Dinner cooked by an active volcano
At El Diablo, an iron grate sits over a circular basalt pit that funnels the earth’s natural heat to the surface. (CC by Sylviane Moss)
A restaurant in the Canary Islands is taking barbequing to a whole new level.
The one-of-a-kind grill is not spewing with lava (it hasn’t erupted since 1824); instead an iron grate sits over a circular basalt pit that funnels the earth’s natural heat to the surface, where temperatures range between 400C and 600C.
The El Diablo chefs cook lamb, chicken and fish over the geothermal stove, for use in traditional Canarian dishes. Plan to eat early as the kitchen closes at 3:30 pm, although a special Tuesday evening reservation can be booked in advance for 50 euros, which includes a tour, a three-course meal and transportation to and from local hotels.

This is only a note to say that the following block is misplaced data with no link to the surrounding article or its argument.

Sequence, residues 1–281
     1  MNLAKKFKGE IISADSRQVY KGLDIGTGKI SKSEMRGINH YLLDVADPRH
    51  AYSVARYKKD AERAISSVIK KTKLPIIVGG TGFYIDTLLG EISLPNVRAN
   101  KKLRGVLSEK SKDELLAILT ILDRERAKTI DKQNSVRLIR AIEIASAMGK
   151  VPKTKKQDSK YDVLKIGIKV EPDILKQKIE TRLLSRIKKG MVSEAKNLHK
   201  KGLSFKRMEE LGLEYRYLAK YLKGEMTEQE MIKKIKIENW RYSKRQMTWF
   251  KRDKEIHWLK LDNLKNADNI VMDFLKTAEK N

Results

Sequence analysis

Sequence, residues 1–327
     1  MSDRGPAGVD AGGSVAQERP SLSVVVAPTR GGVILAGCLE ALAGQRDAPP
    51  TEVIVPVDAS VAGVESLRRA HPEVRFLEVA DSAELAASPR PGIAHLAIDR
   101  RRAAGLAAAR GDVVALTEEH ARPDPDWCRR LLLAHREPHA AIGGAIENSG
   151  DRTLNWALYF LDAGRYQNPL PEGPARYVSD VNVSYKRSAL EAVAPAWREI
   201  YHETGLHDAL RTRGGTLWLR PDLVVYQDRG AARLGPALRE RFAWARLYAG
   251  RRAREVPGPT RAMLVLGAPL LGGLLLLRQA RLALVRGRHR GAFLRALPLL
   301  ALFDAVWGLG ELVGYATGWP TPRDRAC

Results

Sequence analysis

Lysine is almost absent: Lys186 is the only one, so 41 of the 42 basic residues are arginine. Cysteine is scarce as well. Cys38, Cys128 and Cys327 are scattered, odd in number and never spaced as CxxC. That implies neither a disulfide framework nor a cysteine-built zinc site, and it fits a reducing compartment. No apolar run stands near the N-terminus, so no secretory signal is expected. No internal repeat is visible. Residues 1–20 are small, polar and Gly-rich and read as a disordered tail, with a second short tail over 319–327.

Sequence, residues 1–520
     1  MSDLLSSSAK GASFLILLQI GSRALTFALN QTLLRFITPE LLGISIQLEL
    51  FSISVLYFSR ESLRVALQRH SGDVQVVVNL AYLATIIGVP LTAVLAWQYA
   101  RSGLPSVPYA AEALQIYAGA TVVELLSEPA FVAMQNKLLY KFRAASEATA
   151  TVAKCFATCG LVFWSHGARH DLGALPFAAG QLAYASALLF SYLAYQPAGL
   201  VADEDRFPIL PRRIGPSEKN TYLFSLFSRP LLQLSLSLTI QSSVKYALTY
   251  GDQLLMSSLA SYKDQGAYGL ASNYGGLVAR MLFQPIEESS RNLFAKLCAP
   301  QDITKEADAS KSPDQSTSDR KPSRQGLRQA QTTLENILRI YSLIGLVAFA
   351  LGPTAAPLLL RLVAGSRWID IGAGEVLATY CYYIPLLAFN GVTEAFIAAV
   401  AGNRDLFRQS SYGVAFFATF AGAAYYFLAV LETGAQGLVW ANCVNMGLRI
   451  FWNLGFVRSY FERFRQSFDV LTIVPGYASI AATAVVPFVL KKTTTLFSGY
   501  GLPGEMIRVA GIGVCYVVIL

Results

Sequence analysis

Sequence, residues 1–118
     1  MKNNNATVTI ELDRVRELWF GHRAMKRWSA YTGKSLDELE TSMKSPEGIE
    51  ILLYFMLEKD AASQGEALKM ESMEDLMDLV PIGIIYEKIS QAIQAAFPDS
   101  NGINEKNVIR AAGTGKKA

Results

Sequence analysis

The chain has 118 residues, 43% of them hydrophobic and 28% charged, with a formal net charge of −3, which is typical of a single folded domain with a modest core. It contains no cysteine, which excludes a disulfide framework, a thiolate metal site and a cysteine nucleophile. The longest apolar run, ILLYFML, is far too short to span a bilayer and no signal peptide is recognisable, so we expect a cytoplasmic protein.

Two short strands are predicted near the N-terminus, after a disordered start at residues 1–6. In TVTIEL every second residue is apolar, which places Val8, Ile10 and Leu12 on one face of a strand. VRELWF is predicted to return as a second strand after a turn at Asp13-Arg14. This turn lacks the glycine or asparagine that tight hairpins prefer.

The volcano-powered kitchen was built by local architect César Manrique in 1970 as part of a commission to build a restaurant on a summit in the Fire Mountains, located in Timanfaya National Park on the island of Lanzarote. Unable to lay the foundations due to the ground’s heat, he and fellow designers added nine layers of basalt rock to serve as the restaurant’s base, leaving part of it open to the heat.
Today, the restaurant’s floor-to-ceiling windows offer panoramic views of the park’s volcanic calderas, cones, craters and black lava fields. The landscape has remained virtually unchanged since the last eruption, thanks to minimal rainfall and government protection.